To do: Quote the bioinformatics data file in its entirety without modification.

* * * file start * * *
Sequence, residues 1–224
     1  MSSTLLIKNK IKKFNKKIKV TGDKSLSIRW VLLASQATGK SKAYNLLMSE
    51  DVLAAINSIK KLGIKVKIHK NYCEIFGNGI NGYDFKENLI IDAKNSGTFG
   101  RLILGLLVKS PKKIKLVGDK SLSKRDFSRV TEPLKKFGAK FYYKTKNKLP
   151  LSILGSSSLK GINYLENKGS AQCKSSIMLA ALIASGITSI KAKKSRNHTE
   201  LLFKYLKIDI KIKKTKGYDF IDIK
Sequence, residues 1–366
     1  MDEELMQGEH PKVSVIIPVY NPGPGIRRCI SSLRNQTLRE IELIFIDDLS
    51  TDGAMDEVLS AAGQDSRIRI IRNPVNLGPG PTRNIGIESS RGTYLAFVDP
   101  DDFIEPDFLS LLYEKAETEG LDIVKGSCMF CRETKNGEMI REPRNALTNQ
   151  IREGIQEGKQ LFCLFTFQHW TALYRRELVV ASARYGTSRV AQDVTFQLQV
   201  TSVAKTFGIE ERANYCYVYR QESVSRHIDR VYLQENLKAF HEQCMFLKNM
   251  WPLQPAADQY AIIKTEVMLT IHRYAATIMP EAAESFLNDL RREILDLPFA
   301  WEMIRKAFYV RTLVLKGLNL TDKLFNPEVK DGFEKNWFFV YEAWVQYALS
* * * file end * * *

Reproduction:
Sequence, residues 1–224
     1  MSSTLLIKNK IKKFNKKIKV TGDKSLSIRW VLLASQATGK SKAYNLLMSE
    51  DVLAAINSIK KLGIKVKIHK NYCEIFGNGI NGYDFKENLI IDAKNSGTFG
   101  RLILGLLVKS PKKIKLVGDK SLSKRDFSRV TEPLKKFGAK FYYKTKNKLP
   151  LSILGSSSLK GINYLENKGS AQCKSSIMLA ALIASGITSI KAKKSRNHTE
   201  LLFKYLKIDI KIKKTKGYDF IDIK
Sequence, residues 1–366
     1  MDEELMQGEH PKVSVIIPVY NPGPGIRRCI SSLRNQTLRE IELIFIDDLS
    51  TDGAMDEVLS AAGQDSRIRI IRNPVNLGPG PTRNIGIESS RGTYLAFVDP
   101  DDFIEPDFLS LLYEKAETEG LDIVKGSCMF CRETKNGEMI REPRNALTNQ
   151  IREGIQEGKQ LFCLFTFQHW TALYRRELVV ASARYGTSRV AQDVTFQLQV
   201  TSVAKTFGIE ERANYCYVYR QESVSRHIDR VYLQENLKAF HEQCMFLKNM
   251  WPLQPAADQY AIIKTEVMLT IHRYAATIMP EAAESFLNDL RREILDLPFA
   301  WEMIRKAFYV RTLVLKGLNL TDKLFNPEVK DGFEKNWFFV YEAWVQYALS